My knee hurts this morning after having fallen out of bed last night. Sheesh.
Also, as I half promised my class last night, I thought of something I wanted to talk more about this morning. I alluded to the fact that the term "sci-fi" is considered derogatory by some science fiction fans and writers. I found a bit of a wikipedia article about the kerfuffle:
Forrest J. Ackerman publicly used the term "sci-fi" at UCLA in 1954, though Robert A. Heinlein had used it in private correspondence six years earlier. As science fiction entered popular culture, writers and fans active in the field came to associate the term with low-budget, low-tech "B-movies" and with low-quality pulp science fiction. By the 1970s, critics within the field such as Terry Carr and Damon Knight were using "sci-fi" to distinguish hack-work from serious science fiction, and around 1978, Susan Wood and others introduced the pronunciation "skiffy." Peter Nicholls writes that "SF" (or "sf") is "the preferred abbreviation within the community of sf writers and readers." David Langford's monthly fanzine Ansible includes a regular section "As Others See Us" which offers numerous examples of "sci-fi" being used in a pejorative seen by people outside the genre.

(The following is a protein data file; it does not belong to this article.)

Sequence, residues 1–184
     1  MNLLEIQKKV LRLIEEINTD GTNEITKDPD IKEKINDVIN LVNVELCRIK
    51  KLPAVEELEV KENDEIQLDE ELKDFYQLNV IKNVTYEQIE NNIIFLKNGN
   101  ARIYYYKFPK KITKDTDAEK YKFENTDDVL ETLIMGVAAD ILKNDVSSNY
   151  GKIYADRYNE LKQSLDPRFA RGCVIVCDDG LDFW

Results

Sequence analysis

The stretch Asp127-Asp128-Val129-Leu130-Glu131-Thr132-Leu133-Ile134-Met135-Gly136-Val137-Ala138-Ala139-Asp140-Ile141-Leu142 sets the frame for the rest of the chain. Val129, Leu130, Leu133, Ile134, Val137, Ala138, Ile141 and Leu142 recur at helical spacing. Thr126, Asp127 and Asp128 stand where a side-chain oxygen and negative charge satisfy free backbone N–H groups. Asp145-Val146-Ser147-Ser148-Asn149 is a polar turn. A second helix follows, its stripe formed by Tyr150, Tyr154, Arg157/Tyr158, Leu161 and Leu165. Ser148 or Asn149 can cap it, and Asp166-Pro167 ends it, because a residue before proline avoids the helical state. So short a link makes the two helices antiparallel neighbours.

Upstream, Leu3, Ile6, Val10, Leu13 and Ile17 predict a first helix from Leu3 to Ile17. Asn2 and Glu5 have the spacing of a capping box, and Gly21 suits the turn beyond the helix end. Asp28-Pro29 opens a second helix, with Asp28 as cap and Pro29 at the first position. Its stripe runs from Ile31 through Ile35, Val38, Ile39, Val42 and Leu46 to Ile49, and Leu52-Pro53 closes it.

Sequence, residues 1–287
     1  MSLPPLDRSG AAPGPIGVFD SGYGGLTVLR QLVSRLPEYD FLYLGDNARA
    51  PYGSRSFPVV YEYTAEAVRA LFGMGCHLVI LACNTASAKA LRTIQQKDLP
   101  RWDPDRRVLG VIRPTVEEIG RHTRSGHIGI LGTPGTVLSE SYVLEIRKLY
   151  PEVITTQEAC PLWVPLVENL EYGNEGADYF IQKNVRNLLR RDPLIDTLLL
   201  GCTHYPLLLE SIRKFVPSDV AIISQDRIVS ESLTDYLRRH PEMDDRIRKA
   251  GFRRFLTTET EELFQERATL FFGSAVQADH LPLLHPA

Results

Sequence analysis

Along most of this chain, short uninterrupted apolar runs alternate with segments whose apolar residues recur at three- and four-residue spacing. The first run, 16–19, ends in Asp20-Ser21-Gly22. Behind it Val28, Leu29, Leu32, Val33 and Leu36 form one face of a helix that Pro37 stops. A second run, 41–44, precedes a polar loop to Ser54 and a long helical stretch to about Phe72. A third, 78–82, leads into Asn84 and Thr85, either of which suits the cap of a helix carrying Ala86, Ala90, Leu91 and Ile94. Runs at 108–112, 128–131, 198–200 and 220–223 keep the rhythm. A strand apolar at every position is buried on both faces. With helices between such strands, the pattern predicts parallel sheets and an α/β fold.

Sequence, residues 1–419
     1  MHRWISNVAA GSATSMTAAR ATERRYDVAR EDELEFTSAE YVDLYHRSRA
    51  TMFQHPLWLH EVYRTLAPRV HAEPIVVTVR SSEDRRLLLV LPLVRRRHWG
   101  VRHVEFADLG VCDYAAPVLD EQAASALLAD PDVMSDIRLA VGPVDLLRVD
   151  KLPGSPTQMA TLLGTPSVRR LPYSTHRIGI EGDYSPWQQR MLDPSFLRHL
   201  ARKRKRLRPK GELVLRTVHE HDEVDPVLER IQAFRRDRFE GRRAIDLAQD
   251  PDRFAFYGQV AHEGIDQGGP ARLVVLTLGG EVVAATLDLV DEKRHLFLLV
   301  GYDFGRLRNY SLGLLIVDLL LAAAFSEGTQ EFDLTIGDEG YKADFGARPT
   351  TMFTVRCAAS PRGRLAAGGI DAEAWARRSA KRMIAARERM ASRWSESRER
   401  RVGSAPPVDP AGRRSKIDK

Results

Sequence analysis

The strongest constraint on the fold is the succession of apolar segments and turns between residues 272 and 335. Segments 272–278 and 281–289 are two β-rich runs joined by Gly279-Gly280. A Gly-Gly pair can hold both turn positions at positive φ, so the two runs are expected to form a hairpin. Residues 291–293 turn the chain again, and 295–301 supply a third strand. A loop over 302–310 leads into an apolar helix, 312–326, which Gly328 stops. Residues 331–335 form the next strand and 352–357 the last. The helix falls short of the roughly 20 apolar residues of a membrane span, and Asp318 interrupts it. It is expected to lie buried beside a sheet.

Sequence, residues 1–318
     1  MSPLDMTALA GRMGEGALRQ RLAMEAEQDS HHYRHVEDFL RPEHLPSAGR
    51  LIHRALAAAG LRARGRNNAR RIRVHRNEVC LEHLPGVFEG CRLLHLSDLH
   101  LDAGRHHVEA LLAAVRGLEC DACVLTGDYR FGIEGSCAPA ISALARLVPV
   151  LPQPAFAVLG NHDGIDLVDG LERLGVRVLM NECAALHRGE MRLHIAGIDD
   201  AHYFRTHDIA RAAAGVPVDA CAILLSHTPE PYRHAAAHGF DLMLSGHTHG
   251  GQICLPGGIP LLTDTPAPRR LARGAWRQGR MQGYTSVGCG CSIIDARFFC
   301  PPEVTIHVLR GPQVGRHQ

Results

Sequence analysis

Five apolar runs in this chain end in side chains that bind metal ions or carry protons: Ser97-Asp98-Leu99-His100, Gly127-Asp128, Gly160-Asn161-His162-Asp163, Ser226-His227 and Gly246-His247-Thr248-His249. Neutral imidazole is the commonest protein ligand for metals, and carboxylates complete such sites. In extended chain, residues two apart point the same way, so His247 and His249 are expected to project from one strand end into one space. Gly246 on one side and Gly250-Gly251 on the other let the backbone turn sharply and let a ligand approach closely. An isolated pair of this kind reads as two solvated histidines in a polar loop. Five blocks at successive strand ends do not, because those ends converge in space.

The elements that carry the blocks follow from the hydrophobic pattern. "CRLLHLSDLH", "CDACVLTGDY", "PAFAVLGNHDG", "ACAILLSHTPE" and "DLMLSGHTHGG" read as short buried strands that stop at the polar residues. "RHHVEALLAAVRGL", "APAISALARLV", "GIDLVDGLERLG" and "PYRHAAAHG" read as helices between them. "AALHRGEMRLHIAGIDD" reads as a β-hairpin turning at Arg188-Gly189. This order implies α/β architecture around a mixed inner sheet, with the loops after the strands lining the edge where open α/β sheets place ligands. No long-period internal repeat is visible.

I grew up in an era (70s/80s) where using the term "sci-fi" was still considered gauche in the circle of "serious" writers and fans. I think, however, as I said in class, this is changing. This may be because of an influx of younger, media-savvy fans/readers. As this snippet from Scifipedia suggests...
"Over the years, Sci Fi's meaning in popular culture has changed to refer almost exclusively to movies and TV with science fiction genre-related themes. Among some in fandom, the term is often used in a derogatory and dismissive way. Some purposely mispronounce the term as "skiffy" and use it to refer to poor quality science fiction and fantasy. Many committed Science Fiction readers refuse to use the term at all, preferring the more generic initialism, "SF."
...the term has been co opted by the media, and thus has fallen into much more regular use. In my opinion, the use of "sci-fi" no longer stigmatizes the user as a "mundane" (non-initiate into science fiction fandom/prodom).
What do you think? Which term do you prefer or do you not have a preference? Is it a matter of po-tato, poh-tato to you?